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Public Utility Charges

  • A real estate lease agreement does not include public utility charges (water, gas, and electricity). (Residents of boarding houses do not pay public utility charges.) Public utility charges are paid one month after actual use. The previous tenant or the landlord must pay utility charges during their use.
  • On the date of your move, calculate the public utility charges you used in your previous residence and pay the charges to the landlord or the real estate agency.
  • If you rent a house, most public utility charges include the usage of the entire house. Therefore, the landlord should divide the public utility charges between all tenants. In addition, you should check if the agreement covers this matter.
  • You can pay public utility charges at a bank or at a post office. (In some cases, you should pay maintenance costs of an apartment complex at a designated bank.)
  • If you fail to pay public utility charges before the due date, you will have to pay late fees. If you pay public utility charges at a bank or at a post office, a teller will stamp your bill and give you a receipt.
  • If you set up an automatic bill payment service, your public utility charges will be automatically paid every month.


  • Recently constructed buildings use gas pipes and gas lines and residents pay gas bills each month. Old buildings without gas lines use LPG or oil heaters and residents should order fuel in person.
  • If you move to a new place, contact the Seoul City Gas Corporation or an LPG company. They will connect/disconnect the main gas lines and check for gas leakage if you pay a fee for gas connection/disconnection.
  • Most Korean houses have a floor heating system (called ondol). The controller is typically located in the main room or the living room.
  • You can control the temperature of the rooms separately using the heater or room valves. Some old apartment buildings have central heating.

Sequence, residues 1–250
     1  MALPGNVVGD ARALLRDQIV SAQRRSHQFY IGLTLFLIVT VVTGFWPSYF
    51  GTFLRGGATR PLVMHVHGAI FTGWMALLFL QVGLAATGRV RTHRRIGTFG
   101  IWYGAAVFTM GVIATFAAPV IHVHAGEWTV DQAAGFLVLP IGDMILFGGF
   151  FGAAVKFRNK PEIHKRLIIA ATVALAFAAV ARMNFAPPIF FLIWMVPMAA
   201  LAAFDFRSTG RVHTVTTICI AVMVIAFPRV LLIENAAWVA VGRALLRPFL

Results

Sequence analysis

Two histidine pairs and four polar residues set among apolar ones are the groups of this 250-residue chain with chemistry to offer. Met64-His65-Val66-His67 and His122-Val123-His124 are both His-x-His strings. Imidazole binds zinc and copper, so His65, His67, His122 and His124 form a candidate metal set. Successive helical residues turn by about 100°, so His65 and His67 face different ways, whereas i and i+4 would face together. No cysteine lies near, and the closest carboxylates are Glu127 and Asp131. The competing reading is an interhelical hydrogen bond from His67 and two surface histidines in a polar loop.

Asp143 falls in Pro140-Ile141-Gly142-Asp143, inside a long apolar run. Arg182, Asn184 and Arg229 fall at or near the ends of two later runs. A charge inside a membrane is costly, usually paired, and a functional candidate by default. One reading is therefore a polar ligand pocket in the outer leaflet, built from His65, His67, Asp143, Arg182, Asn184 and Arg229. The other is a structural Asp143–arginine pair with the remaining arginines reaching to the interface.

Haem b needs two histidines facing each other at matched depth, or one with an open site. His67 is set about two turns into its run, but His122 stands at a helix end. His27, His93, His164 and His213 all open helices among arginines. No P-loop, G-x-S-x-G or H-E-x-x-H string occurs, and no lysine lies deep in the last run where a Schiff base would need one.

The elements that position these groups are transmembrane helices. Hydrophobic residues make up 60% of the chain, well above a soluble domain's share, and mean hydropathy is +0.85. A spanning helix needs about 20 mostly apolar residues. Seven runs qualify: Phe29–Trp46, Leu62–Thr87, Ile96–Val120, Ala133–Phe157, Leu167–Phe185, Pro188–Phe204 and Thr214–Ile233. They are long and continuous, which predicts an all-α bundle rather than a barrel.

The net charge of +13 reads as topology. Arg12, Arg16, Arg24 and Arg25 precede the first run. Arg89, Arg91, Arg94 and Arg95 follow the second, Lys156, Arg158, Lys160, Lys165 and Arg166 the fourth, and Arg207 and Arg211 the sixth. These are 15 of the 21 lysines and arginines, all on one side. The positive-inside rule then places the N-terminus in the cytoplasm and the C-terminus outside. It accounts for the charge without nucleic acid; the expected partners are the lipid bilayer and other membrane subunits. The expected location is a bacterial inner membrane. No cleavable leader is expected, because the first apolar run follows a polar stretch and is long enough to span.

• Korea Gas Safety Corporation Seoul Dongbu Office
    • Location : 6F, Uchang Plaza Apartment, 295, Cheonhodae-ro, Dongdaemun-gu, Seoul
    • Tel : ☎+82-2-2217-8611
    • Website : http://eseoul.kgs.or.kr/


  • Most buildings use 220V.
  • Most rooms have sockets and a circuit breaker is typically located near the entrance. An electricity bill is issued each month, including TV fees (KRW 2,500).
  • Korea Electric Power Corporation Gwangjin Seongdong Office
    • Location : 13, Majang-ro 27-gil, Seongdong—gu, Seoul
    • Tel : Electricity (☎+82-2-2290-5321), Inquiry for charges (☎+82-2-2290-5251), Inquiry at night (Area code +123)
    • Website: http://home.kepco.co.kr/


  • Typically, a water bill is issued every two months depending on your water usage. (varies depending on residential/commercial areas)
    Although the Korean government guarantees the safety of tap water, many people still prefer boiled or mineral water.
    Dongbu Office of Waterworks, The Office of Waterworks, Seoul Metropolitan Government
    • Location : 13, Gosanja-ro 10-gil, Seongdong-gu, Seoul
    • Tel : ☎+82-2-3146-2600
    • Website: http://arisu.seoul.go.kr/

Maintenance Costs

  • Residents of apartments or studio buildings will receive a monthly maintenance bill from the General Service Office of the building. Maintenance costs include maintenance/repair fees, some public utility charges (elevator, waterworks, and electricity), and wages of security guards and General Services Office staff.